29 November 2017
Friendly neighbours key to happiness in older age
New research from Anchor has revealed that living amongst neighbours who will ‘pass the time of day’ is one of the most significant contributors to happiness in retirement.
Those surveyed reported that living in a community in which people make eye contact, say hello or stop for a quick conversation was more significant than financial gain when making a downsizing move.
Accompanying analysis shows that hours of domiciliary care delivered fall by 29.6 cent when comparing the national average to that of age-exclusive communities. Over 65s receiving home care in the UK are visited by a carer for an average of 7.1 hours per week. At Anchor’s retirement villages, where the average age is 81, those in receipt of home care receive an average of 5 hours of care per week.
Retirement villages offer the opportunity for valuable face-to-face conversation over online contact which is increasingly normalised for everyday interactions in wider society. Although nearly a quarter of over 65s in the UK use the internet for social media, this group still values being on friendly terms with neighbours, with those surveyed stating that this built a feeling of mutual trust and understanding with those around them.
Alison Frankel, 77, resident at Anchor’s Bishopstoke Park-(New Anchor URL TBC), comments: “In my previous home, which I lived in for 22 and half years, I hardly knew my neighbours. I don’t do any online social media or emailing, so face to face contact is my way of socialising. I always pass the time of day with neighbours I pass in the grounds or one of the corridors and make a particular point of doing so with those living with the first stages of dementia. Having a chat with a neighbour is so important for keeping the mind active. I look after my neighbour’s pets whilst they are on holiday and it’s nice to know that we live in a community in which there is a neighbourly sense of trust and care – we all help each other out.”
Jane Ashcroft CBE, Chief Executive of Anchor, said: “Although our retirement villages’ on-site home care teams are an integral part of what we offer, we have found that residents help each other with small day-to-day tasks which may otherwise be outsourced to a carer.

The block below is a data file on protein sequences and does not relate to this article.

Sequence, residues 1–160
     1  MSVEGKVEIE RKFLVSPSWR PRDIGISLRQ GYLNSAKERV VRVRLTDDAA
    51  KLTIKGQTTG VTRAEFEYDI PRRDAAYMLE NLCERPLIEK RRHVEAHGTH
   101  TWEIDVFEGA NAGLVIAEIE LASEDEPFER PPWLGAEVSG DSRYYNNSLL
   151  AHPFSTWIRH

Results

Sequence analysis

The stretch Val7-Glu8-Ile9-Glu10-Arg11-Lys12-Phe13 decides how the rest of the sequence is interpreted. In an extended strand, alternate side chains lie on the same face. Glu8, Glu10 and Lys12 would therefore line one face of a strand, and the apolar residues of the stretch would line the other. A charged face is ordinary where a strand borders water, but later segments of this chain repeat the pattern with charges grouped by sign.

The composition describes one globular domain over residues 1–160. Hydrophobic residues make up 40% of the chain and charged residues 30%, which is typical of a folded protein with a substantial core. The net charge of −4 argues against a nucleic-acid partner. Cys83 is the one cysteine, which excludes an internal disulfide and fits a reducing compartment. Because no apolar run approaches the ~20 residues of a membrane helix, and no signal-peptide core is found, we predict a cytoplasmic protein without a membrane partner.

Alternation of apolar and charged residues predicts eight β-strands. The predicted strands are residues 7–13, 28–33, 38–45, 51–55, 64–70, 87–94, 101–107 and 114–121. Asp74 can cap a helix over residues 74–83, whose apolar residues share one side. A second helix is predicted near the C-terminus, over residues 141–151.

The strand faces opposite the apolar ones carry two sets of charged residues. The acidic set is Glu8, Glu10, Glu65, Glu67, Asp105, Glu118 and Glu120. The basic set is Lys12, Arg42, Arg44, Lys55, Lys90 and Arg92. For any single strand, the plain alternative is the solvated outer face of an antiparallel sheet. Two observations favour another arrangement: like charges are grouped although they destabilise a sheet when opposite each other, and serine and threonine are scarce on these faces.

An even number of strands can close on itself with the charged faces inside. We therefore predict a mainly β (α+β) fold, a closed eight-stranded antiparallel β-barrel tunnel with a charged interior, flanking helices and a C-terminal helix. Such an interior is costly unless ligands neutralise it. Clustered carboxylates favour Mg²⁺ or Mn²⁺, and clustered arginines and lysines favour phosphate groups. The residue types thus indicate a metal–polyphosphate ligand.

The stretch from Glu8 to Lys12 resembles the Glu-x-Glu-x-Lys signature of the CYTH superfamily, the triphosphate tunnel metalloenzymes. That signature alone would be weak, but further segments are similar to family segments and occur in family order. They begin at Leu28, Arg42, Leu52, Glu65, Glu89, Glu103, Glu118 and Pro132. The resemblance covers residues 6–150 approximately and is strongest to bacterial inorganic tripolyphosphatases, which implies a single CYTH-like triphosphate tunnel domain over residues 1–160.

"Acts of neighbourly goodwill such as stopping by for a chat, or offering to help with feeding a pet or watering plants if a neighbour is going on holiday, may no longer be so commonplace in wider society. However, in our communities in which everyone is of similar age and like-mind, these small acts of kindness have become part of the social framework and mean the world to an older person, who may otherwise have to rely upon professional help for small chores or companionship.”
With 1.2million over 65s failing to receive the care support they need with day to day living, the correlation between neighbourly interaction and levels of care required is an important consideration in the future planning of retirement communities.
The research report was designed to assess the most significant factors which contribute to feelings of happiness and wellbeing amongst downsizers in the UK today. With 58 per cent of over 60s currently looking to downsize and 10.3million households in the UK expected to be headed up by someone over the age of 65 by 2039, understanding how to create happy retirement communities is essential for the overall wellbeing of the UK population.
The importance of neighbourly goodwill also contributed to another of the key findings – that having non-familial support on hand can be preferable to living with family themselves. The residents surveyed reported that whilst moving into a relative’s home or ‘granny flat’ annexe might make them feel like a burden, an independent home, with support in place should it be required, avoided feelings of guilt associated with putting a strain on family members’ lives.
Independence to make decisions was also ranked highly as a key contributor to feelings of happiness in retirement, with those surveyed reporting that being able to continue to live a ‘normal’ life, in the same way as they had done prior to downsizing, was fundamental to their decision to move. Whilst few reported financial motivations as a key catalyst to deciding to downsize, the predictability of monthly outgoings which comes with moving to a contemporary development, was highly rated.